No one says being a mother is easy. But a lot of us get caught up in the glamor, not thinking about what those hard days are going to look like. When they do hit, we are surprised and left feeling like we aren’t doing it right. But those hard days are a part of being a mom.
My Worst Day(s) as a Mother
I have four kids, but my second infant was my hardest. Every one of my kids came with a frustrating need to be induced because labor just wouldn’t start on its own. My first baby was induced two weeks late when the doctor wasn’t comfortable with letting things go longer. My second was due December 18 and I felt sure it would happen again and he would be born on top of Christmas. I decided to get induced a week early on the 11th instead of waiting. He was a stubborn one and took 42 hours to show up. But that was just the start.
He was grouchy and probably had reflux. He was hungry 24-7 and I gave him a pacifier on the second night because he wouldn’t stop nursing. I had some kind of postpartum depression or anxiety. I’m not sure it was full on depression because I passed that hospital test with flying colors. You know, the one where they ask you if you feel like hurting yourself, cry more than normal, or blame yourself for things that aren’t your fault? Yeah, I was none of those things. But I also wasn’t feeling like I did with my first baby and I couldn’t pinpoint what was wrong.
This baby woke up every two hours night and day. I was sleep deprived, frustrated, sore, and hormonal. I wasn’t really able to juggle it all. I tried to ask for help, but I didn’t really know how. And, I didn’t really want to admit how much I needed it. Honestly, I couldn’t really even tell my husband how much I needed help.
It kept getting worse. After two weeks I remember being so sleep deprived I wasn’t even sure what I should and shouldn’t do as a parent. Would it be okay to just put him in a back bedroom, close the door and sleep for a few hours? I decided against that, but I didn’t know why it would really be a bad idea. I was that tired. So tired I couldn’t think through anything. More tired than I had ever been in college with art classes and huge project deadlines. At least in college I could binge sleep after a long spell of staying up.
With my new baby, I was only getting 1 hour (or less) of sleep. In college, I would just pull an all nighter rather than only get an hour. It hurts. Your body isn’t ready to wake up and I just felt nauseous every time. It didn’t help that the baby would wake up screaming like he was dying of hunger; he has his father’s metabolism.
I wasn’t connecting with the baby. I loved him by action, but struggled with how I felt. At the time he didn’t like me either. I didn’t realize it was postpartum struggles. Thankfully my husband connected with him far easier. And, after a while the feelings finally started to change.
But the Worst Days Don’t Last
I remember around 3 months I finally started to feel like he was my baby too. Around that time, I talked to a friend that gave me the idea to change his schedule from eating every 2 hours to every 3 hours over the course of a few days. I had been trying (unsuccessfully) to cut out a nighttime feeding, but this worked like a charm. Suddenly (after three days of slowly shifting the schedule), he was a different baby. Like night and day different. He was happy, finally. He slept for three hour chunks. He was still hungry often, but not with the same panic and desperation.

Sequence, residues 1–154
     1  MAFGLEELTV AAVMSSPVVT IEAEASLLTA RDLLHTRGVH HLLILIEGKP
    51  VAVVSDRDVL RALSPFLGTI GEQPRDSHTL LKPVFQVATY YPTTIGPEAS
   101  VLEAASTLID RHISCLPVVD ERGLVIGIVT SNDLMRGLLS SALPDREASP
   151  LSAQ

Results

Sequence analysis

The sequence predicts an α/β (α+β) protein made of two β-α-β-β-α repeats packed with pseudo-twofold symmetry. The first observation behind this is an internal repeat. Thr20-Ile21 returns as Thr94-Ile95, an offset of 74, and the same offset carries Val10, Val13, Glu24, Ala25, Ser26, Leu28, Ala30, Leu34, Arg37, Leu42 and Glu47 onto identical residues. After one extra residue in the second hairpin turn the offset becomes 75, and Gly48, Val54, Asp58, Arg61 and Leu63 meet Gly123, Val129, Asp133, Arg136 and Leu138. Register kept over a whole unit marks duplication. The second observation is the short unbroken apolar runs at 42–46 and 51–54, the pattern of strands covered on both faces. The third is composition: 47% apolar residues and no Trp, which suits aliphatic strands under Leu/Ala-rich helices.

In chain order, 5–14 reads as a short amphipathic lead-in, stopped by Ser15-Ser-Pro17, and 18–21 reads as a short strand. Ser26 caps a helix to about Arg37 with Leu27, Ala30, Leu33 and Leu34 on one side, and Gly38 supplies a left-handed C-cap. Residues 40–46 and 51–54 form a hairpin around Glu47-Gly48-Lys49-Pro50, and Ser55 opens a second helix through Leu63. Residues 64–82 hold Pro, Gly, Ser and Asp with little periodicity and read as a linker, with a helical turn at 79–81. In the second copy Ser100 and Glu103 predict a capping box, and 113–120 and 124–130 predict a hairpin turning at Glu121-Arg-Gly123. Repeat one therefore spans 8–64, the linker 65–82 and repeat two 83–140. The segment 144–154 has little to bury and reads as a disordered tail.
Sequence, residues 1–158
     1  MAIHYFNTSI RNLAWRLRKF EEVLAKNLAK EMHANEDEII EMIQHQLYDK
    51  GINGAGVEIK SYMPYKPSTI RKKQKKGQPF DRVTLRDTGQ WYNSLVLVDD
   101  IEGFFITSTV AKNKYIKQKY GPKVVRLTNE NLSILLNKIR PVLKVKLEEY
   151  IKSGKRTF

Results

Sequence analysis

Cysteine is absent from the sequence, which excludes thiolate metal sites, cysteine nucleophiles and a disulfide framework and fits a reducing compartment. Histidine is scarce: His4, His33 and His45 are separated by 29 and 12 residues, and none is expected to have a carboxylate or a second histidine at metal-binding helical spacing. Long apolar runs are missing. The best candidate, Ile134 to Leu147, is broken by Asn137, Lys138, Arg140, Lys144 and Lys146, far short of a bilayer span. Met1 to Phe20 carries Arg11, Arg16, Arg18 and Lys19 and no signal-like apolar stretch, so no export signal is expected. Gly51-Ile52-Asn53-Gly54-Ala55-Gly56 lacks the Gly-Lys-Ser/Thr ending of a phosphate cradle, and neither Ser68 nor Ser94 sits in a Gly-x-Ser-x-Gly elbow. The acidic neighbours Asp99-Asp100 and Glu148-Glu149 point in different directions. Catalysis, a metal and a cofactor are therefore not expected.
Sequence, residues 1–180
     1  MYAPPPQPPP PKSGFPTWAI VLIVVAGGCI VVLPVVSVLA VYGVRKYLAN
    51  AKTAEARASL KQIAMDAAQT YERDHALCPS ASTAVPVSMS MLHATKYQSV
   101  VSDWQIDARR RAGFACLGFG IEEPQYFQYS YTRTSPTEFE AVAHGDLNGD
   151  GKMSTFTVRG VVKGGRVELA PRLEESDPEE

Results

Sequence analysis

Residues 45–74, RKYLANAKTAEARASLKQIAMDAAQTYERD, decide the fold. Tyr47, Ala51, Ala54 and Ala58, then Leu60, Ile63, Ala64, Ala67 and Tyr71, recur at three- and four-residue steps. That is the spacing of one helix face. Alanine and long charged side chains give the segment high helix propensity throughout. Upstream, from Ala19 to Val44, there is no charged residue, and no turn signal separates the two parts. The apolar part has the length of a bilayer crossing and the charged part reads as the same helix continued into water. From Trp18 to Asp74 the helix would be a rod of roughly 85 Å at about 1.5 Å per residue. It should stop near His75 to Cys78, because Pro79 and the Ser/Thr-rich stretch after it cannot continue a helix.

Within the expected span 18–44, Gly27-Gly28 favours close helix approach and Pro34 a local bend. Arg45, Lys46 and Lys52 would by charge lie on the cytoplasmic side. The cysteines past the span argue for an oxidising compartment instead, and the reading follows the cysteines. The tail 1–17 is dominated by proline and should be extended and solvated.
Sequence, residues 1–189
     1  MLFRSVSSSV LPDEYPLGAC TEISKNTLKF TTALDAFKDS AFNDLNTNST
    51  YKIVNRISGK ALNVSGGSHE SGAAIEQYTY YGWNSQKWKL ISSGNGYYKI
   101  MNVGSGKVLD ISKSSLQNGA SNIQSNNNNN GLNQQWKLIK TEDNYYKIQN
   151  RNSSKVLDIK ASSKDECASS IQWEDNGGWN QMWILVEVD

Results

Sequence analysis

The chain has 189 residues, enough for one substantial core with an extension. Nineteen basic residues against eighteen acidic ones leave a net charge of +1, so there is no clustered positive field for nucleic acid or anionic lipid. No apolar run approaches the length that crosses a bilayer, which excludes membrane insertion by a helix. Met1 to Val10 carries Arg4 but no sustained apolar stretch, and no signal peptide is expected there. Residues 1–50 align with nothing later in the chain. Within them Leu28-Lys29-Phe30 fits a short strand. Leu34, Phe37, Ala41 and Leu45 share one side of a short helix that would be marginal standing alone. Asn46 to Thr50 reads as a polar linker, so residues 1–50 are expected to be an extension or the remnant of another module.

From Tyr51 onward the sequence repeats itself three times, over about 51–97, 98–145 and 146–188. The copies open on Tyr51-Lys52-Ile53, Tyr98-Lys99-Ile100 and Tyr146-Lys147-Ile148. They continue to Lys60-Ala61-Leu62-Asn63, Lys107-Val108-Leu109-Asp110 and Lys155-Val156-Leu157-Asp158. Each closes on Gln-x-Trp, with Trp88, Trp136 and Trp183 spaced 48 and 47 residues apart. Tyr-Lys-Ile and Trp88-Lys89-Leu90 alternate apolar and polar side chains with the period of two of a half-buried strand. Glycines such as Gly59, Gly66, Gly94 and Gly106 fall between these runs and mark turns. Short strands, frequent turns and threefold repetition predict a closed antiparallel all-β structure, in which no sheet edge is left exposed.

Anyways, those were my worst days as a mother. Not just one day, but a seemingly endless string. It was four years ago and I’ve had two more kids since. I love and enjoy all four kids. Nothing has been as stressful and bewildering as that time.
I’m not really sure what the takeaway is. All moms go through hard times. It helps to think ahead of time about what you would do or who you could reach out to when you are having a rough day. During that time I had two glorious nights when my mother-in-law came and stayed with the baby all night. That gave me an amazing boost of energy for the next few days after. For me, I had to stay on the path and just focus on acting like a mom even if I didn’t feel like one.
The Best Days are Worth It
In contrast, I’ve had a lot of days I felt great about as a mother. Usually my best days as a parent involve little-to-no social media. One random day that pops into mind was us working in the garden and the kids running around under the trees in our backyard, thrilled at how big they were and how much shade they offered. Another time that was great was taking my three kids to the pool and having my baby fall asleep in my arms floating in the water. My favorite moments are mostly the small and mundane. The worst part is, they are also fleeting and so easy to forget.
It’s hard not to feel like you are never doing enough as a mom. The online world is an amazing resource, but it doesn’t help us feel any better about our abilities as a mom. Pinterest makes everything look so fun and festive. Instagram makes everything look picture perfect. Facebook is all about the latest adventure and popularity.
And yet those same resources can also act like a diary of your favorite moments. Since my kids were born, I’ve been trying to post my favorite moments on Facebook and Instagram. Sometimes I get pictures or video, though I try not to make it take over the focus of the event. Toddler quotes are the absolute best, and it’s so fun to look back on those too. During hard days now, I love to browse my timelines and remember the little moments that are easy to forget.
There are good days. There are bad days. Everyone has both.
Hang in there, mama. And remember you aren’t alone. Reach out to someone who cares and is able to help until you get the support you need during those hard days. And, enjoy those beautiful moments with your babies as often as they come.